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What's not to love about the humble sweet potato? Packed with nutrients, cheap, and versatile, it's been a staple of thrifty home cooks and southerners who love to douse it in brown sugar and marshmallows for a long time now. And this month, it gets some special recognition from local restaurants. September marks "Fiesta de Camotes," a month-long celebration of the sweet potato that area Mexican and Latin-inspired restaurants are using as an excuse to get inventive. We sampled two dishes, from Chupacabra Latin Cafe (50 N. Merrimon Ave.) and Sonora Cocina Mexicana (89 Patton Ave.). The results were just as delicious as you might imagine.
The first stop on our Sweet Potato Grand Tour was Chupacabra Latin Cafe. Perched high up in Reynolds Village in Woodfin, this hidden gem gained notoriety recently for winning the Taco Throwdown with their Banh Mi tacos, featuring crispy pork belly and Asian slaw. Chupacabra has always been one of my favorite Latinx-inspired spots in town, so I was excited to try their sweet potato enchiladas, debuted for the Fiesta de Camotes. I was not disappointed. The portion was large, enough for two people to share (and still take home a little bit). Three enchiladas filled with mashed sweet potato, corn, and other vegetables made this a hearty and healthy meal. I've long been an avid spokesperson for using sweet potatoes in enchiladas, and I'm so glad Chupacabra made this choice. Here, they made the perfect filling.
The enchiladas were topped with cheese, house-made green chile salsa, slices of fresh avocado, and a sprinkling of chopped cilantro. Drizzled on the side were two other salsas: a deep, rich red chile sauce and a fruitier, lighter sauce that cut the richness of the meal. The enchiladas were served over Mexican rice and alongside a colorful salad full of ripe tomato, red onion, and other vegetables.
We got some chips, salsa, and guacamole to accompany this feast. Because my dining companion hadn't been to Chupacabra before, I had to get a prize-winning taco for her to try as well. By the time we'd left, we were full and happy. I also took advantage of the opportunity by ordering one of Chupacabra's refreshing margaritas, a staple for any visit.
Every time I go to Chupacabra, I bemoan the fact that I don't go more often. This dinner was yet another complete success, and it ensured Chupacabra's unrivaled position for my favorite creative Mexican in town.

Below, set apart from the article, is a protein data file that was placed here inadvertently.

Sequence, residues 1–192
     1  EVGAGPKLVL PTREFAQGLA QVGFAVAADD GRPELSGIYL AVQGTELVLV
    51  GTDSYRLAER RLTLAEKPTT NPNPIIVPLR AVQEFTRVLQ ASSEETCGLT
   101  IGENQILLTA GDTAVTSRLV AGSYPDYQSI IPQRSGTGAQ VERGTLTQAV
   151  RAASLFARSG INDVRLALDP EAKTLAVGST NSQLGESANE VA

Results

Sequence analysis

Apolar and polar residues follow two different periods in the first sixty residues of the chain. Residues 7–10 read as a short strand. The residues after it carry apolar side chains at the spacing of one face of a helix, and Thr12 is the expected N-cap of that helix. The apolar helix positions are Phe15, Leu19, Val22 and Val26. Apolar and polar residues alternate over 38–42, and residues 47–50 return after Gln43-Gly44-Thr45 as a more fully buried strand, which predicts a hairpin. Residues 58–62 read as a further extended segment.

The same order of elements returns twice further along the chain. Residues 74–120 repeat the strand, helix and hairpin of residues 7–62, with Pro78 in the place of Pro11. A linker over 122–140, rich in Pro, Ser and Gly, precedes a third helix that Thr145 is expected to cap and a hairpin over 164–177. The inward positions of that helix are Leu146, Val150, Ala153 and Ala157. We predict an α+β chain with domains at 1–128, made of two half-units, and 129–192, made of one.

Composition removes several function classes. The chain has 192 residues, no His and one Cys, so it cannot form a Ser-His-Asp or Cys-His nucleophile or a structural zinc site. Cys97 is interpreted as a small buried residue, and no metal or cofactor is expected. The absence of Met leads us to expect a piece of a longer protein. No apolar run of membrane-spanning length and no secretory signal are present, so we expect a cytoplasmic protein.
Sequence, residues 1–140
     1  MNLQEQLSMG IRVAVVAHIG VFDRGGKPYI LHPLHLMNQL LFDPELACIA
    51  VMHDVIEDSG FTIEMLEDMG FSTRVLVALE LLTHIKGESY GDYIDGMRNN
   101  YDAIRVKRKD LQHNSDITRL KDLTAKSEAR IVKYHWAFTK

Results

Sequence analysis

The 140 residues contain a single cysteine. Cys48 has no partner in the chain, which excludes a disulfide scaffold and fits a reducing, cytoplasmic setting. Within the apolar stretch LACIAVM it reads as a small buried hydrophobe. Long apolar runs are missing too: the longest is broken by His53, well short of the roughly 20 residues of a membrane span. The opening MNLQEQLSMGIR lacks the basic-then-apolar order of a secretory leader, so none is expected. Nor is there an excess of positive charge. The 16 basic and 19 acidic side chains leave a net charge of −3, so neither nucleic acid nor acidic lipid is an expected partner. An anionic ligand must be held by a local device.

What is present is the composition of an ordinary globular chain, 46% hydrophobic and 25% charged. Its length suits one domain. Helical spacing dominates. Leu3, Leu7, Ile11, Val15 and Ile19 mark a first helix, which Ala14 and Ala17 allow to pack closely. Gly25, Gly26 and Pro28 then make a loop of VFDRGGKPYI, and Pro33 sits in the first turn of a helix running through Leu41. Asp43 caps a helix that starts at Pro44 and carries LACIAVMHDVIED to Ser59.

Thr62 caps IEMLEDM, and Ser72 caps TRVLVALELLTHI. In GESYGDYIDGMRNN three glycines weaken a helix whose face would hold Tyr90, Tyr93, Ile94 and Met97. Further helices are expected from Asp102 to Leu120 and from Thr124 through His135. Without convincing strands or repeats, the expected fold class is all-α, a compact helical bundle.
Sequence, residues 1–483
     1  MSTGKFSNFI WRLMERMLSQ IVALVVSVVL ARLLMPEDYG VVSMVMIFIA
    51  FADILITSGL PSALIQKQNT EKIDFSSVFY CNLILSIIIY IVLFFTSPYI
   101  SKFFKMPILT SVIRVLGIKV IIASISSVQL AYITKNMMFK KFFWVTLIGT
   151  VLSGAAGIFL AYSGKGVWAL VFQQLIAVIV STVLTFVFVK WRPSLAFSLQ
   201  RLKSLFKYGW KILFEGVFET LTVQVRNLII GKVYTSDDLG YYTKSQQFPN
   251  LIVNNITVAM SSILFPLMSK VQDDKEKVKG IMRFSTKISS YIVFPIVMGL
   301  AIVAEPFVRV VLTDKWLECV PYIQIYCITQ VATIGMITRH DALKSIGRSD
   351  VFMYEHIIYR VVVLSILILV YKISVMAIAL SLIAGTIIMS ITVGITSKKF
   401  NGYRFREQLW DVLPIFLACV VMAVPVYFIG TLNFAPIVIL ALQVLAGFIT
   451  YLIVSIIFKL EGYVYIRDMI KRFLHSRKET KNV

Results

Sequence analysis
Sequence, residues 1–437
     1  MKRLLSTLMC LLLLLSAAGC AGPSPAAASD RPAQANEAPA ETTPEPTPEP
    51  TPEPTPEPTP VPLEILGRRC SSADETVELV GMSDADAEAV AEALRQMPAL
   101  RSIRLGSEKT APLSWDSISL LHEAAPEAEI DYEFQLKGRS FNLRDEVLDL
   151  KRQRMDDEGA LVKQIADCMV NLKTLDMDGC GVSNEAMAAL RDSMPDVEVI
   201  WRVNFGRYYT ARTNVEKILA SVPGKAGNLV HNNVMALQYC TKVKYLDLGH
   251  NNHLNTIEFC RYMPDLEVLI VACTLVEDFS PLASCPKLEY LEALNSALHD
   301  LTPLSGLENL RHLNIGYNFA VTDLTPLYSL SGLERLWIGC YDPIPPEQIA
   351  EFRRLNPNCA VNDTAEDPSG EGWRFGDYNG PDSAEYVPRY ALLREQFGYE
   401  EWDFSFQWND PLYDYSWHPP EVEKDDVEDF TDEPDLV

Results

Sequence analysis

Next up: lunch at Sonora Cocina Mexicana in downtown Asheville. Sonora is about to celebrate their year anniversary. They've been dishing out flavorful tacos, tortas, enchiladas, and other Mexican comfort food staples from their light-filled storefront on Patton Ave. with a focus on locally-sourced products and food grounded in tradition. Their entry for the Fiesta de Camotes was the "Canoe de Camote" (literally, sweet potato boat), a baked sweet potato filled with spicy chorizo, topped with a mild green chile salsa, cotija cheese, fresh cilantro, and Valentina salsa.
The concept was simple, and Sonora pulled it off. It was a perfect lunchtime treat that was hearty enough to keep me full for the rest of the day and well into the evening. The flavors were vibrant and fresh, and the dish overall managed to feel like a healthy meal, even with the chorizo. I could see this being an affordable lunchtime staple for patrons who want to be health-conscious but don't want to just order a salad. This dish has also given me a lot of inspiration about how to gussy up my twiced-baked potatoes.
After sampling these dishes, this steadfast sweet potato fan has now become something of a fanatic. I'm all about bringing the sweet potato into the limelight more often. When it takes center stage, it's clear the results are only positive. Oh, and mega bonus: the recipes from the month are all available online. Get thee to a sweet potato and make these, pronto! Or (even better), visit one of these fabulous restaurants and have them dish you up something spectacular.
Note: “Fiesta de Camotes” is a promotion of the NC Sweet Potato Commission and was funded through the USDA Specialty Crop Block Grant Program.